That’s why it’s often so good at work: it keeps us plodding on through boring stuff that we’ve got to get through.

Caffeine boosts the activity of dopamine and norepinephrine — both of which are neurotransmitters which stimulate alertness, focus, blood pressure and heart rate.

The effect is is particularly strong for people who haven’t had enough sleep.

When first giving up caffeine, then, it can feel more difficult to focus on relatively routine tasks until mind and body become used to it being absent.

5. Flu-like symptoms of nausea, muscle pain or stiffness

For people who habitually consume a lot of caffeine, the withdrawal symptoms can be particularly painful.

These may include flu-like symptoms, such as muscle pain and stiffness.

Less common is experiencing nausea: the feeling of an upset stomach or even of being about to vomit.

Caffeine withdrawal symptoms research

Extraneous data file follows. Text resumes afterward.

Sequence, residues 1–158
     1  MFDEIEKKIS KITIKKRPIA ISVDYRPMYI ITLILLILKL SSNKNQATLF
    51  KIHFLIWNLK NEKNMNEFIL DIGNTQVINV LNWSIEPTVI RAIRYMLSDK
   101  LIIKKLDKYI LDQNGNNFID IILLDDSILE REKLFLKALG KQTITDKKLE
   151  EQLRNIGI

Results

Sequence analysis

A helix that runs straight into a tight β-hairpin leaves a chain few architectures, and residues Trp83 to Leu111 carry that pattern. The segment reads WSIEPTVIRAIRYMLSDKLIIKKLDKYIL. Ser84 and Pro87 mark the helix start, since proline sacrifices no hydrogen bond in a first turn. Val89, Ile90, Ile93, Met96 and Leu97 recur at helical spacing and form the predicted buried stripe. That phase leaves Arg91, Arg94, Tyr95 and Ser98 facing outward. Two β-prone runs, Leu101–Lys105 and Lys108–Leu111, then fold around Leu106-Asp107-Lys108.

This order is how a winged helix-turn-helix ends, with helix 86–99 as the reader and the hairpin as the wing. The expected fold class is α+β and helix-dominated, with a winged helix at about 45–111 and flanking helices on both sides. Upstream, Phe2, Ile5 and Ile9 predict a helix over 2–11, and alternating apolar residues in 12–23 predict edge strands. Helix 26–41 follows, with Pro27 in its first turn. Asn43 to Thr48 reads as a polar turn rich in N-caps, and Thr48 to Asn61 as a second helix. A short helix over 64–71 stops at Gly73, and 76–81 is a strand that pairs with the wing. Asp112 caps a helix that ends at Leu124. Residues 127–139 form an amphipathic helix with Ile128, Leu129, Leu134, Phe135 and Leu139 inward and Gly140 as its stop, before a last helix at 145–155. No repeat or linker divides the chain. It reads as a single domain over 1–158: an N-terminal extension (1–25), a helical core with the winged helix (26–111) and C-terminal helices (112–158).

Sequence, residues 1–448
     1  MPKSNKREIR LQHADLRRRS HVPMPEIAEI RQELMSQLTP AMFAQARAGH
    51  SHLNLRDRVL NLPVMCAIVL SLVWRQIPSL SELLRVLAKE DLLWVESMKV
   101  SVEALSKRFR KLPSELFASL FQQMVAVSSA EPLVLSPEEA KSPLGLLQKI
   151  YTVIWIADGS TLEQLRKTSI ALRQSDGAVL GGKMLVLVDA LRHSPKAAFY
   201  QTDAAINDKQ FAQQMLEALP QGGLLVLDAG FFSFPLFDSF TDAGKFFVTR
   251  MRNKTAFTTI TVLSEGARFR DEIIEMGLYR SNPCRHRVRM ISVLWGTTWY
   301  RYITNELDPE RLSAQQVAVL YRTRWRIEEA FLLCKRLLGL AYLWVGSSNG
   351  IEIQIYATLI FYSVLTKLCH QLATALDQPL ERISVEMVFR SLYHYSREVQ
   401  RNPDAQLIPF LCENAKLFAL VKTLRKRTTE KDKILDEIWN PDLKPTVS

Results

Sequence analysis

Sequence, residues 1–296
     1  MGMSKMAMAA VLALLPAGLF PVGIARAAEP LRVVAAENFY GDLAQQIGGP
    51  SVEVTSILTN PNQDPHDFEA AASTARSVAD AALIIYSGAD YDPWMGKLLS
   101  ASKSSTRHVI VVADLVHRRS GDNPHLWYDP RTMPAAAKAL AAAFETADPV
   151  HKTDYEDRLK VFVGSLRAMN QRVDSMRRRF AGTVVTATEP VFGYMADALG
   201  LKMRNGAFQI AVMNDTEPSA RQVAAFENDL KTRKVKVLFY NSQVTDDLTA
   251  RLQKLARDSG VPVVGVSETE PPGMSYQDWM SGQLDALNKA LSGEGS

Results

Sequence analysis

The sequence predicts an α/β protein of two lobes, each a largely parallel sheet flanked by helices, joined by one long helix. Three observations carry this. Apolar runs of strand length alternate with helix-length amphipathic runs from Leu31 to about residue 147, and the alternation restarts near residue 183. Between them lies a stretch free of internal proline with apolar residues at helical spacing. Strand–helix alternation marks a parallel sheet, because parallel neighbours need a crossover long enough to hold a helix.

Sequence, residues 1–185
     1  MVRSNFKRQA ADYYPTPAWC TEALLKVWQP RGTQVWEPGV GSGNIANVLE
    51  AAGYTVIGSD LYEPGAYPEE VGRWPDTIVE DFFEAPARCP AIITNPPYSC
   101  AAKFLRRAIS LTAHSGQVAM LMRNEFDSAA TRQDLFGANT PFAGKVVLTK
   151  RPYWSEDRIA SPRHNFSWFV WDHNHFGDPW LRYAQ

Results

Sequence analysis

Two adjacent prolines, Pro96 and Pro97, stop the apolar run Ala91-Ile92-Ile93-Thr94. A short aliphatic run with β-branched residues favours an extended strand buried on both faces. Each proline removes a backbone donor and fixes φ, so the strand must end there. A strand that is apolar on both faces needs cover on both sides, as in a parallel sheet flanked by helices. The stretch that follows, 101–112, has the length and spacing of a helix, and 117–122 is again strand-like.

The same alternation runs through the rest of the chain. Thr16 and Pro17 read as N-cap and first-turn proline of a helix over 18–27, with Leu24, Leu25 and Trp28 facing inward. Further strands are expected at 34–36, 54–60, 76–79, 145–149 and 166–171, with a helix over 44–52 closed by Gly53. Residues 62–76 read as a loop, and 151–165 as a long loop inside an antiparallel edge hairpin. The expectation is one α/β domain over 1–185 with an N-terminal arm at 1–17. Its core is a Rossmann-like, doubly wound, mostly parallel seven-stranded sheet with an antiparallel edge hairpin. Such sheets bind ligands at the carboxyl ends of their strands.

The five caffeine withdrawal symptoms listed above were revealed by researchers who reviewed 63 studies conducted over 170 years.

They found that 50 percent of people got a headache during caffeine withdrawal.

Around 13 percent had a headache plus worse symptoms that affected their ability to work.

Professor Roland Griffiths, study co-author, said:

“Caffeine is the world’s most commonly used stimulant, and it’s cheap and readily available so people can maintain their use of caffeine quite easily.

The latest research demonstrates, however, that when people don’t get their usual dose they can suffer a range of withdrawal symptoms, including headache, fatigue, difficulty concentrating.

They may even feel like they have the flu with nausea and muscle pain.”

People experienced the worst of their caffeine withdrawal symptoms between one and two days after stopping, although it often started within 12 to 24 hours.

Professor Griffiths said:

“Despite more than a century and a half of investigation into caffeine withdrawal, doctors and other health professionals have had no scientifically based framework for diagnosing the syndrome.

Our goal was to critically review the literature regarding caffeine withdrawal to validate the symptoms and signs of illness associated with it, and to determine how often withdrawal produced clinically significant distress.”

Taper off to to avoid caffeine withdrawal symptoms